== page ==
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Wednesday, 11 December 2019

Tunisia unveils unity government amid massive protests

The newly unveiled unity government promises unprecedented freedoms, despite remaining presence of ousted president's party members in key posts

AFP, Monday 17 Jan 2011
Tunisia unrest
Photo: AFP
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Tunisia unveiled  on Monday  a unity government Monday to prepare for elections, promising unprecedented freedoms and the release of political prisoners although the ousted president's party retained key posts.

The new authority also put a cost to weeks of turmoil that forced Zine El Abidine Ben Ali to flee Friday after 23 years in power, saying 78 people were killed and the economy had lost 1.6 billion euros (2.2 billion dollars).

Prime Minister Mohammed Ghannouchi announced that he will remain as head of the transitional government, which will prepare for presidential and parliamentary elections within a maximum of six months.

His Constitutional Democratic Rally (RCD) also retained the key foreign, interior, defence and finance ministries, even after hundreds demanded in protests in Tunis and other cities Monday that the party be abolished.

The new government includes three leaders of the legal opposition as well as representatives of civil society, with a dissident blogger arrested under Ben Ali named as secretary of state for youth and sports.

It excludes banned political parties including the Communists and the Islamist Ennahdha, although Ghannouchi said that all political parties would be legalised and media freed.

Restrictions would also be lifted on non-governmental organisations including Tunisia's main human rights group, the Human Rights League, he said.
"We announce total freedom of information," Ghannouchi told reporters after announcing the cabinet. "We have decided to allow all associations to have normal activities without any interference on the part of the government."

Moncef Marzouki, a dissident living in Paris who has announced that he would stand for the presidency in the future polls, immediately branded the new government a "masquerade" still dominated by Ben Ali's supporters.
"Tunisia deserved much more," the secular leftist said.

"A unity government in name only because, in reality, it is made up of members of the party of dictatorship, the RCD," he said on France's I-Tele channel.
The Communist party, which is still banned in Tunisia, also slammed the new government saying it was the old regime in a new guise.

With Tunisia in chaos since Ben Ali's downfall -- which followed weeks of popular revolt in which security forces opened fire on protesters -- the UN chief Ban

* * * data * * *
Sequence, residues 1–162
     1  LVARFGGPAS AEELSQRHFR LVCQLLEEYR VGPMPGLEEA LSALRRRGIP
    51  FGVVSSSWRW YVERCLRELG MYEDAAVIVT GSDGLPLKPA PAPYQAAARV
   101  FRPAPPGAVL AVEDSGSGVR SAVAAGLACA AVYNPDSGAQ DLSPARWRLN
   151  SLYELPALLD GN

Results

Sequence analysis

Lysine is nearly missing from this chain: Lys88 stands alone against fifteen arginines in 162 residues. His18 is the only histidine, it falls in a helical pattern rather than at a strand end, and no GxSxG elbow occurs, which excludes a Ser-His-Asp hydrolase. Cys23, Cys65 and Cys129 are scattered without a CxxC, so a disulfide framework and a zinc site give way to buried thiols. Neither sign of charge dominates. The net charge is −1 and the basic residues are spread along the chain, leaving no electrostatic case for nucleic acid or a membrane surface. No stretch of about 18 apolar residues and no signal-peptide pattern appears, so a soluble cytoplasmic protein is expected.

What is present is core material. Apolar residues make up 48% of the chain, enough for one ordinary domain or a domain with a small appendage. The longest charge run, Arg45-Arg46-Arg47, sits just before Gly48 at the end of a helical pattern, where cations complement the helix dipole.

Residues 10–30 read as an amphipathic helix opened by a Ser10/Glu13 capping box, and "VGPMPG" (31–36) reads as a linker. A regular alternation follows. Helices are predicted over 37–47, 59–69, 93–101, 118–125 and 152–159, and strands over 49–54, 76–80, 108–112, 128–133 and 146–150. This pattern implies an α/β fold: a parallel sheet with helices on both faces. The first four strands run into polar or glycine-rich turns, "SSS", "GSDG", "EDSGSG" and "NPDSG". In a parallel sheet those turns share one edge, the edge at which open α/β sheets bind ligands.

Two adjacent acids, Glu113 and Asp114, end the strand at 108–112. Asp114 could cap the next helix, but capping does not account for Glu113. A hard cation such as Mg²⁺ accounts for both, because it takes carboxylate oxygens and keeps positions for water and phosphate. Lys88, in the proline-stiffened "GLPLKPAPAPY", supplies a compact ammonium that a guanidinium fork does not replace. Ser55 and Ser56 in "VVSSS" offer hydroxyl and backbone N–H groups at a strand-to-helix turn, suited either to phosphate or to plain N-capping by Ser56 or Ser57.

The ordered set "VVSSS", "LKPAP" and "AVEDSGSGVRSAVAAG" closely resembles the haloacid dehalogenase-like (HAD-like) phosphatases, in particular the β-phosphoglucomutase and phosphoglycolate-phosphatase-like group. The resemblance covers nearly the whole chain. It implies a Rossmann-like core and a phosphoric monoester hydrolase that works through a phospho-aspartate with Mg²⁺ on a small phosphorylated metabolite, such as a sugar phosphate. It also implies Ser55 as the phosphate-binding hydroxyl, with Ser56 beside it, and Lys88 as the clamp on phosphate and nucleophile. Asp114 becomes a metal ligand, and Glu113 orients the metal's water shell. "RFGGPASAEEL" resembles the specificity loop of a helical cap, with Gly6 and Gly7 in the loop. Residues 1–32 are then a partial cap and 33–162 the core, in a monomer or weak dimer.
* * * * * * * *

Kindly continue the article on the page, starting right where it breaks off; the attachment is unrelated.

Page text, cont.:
Ki-moon called for the "prompt restoration" of rule of law.
Interior Minister Ahmed Friaa said 78 people were killed, several times higher than the last official figure of 21 dead issued on January 11, a few days before the president fled.

He also announced damage worth 1.6 million euros, equivalent to around four percent of Tunisia's 2010 gross domestic product, according to an AFP calculation based on International Monetary Fund economic data.

Friaa said two-thirds of the losses were due to the disruption of economic activity during protests and one-third was due to lost export revenues.

Economic activity has virtually ground to a halt in Tunisia, with many shops and banks still closed. Tourists -- a key source of revenue -- have fled.

Police fired tear gas and water cannons and shot live rounds in the air in the capital again earlier Monday to disperse hundreds of protesters demanding the abolishing of Ben Ali's party following heavy gunfire on Sunday.

"The revolution continues! RCD out!" they shouted. "Bread and water and no RCD!" hundreds more shouted in Sidi Bouzid, where a December 17 self-immolation suicide in an anti-government protest unleashed the movement that forced strongman Ben Ali to flee to Saudi Arabia.

Ben Ali's ouster in what has been dubbed the Jasmine Revolution sent shockwaves around the Arab world as he became the first Arab leader in recent history to be forced out by street protests.

Fierce gun battles broke out Sunday in Tunis and near the presidential palace in nearby Carthage. There were also clashes near the interior ministry.
"The old regime is trying to sow panic in the population," said Mustapha Ben Ahmed, a trade unionist, as he walked along the central Avenue Bourguiba. "That bastard Ben Ali ran away and left the country to burn."

Swiss lawyer Ridha Ajmi on Monday filed a legal request to freeze any assets held by Ben Ali in Switzerland, and said he had also asked for international arrest warrants against the ex-president, his wife and former interior minister for allegedly ordering police to open fire on protestors.

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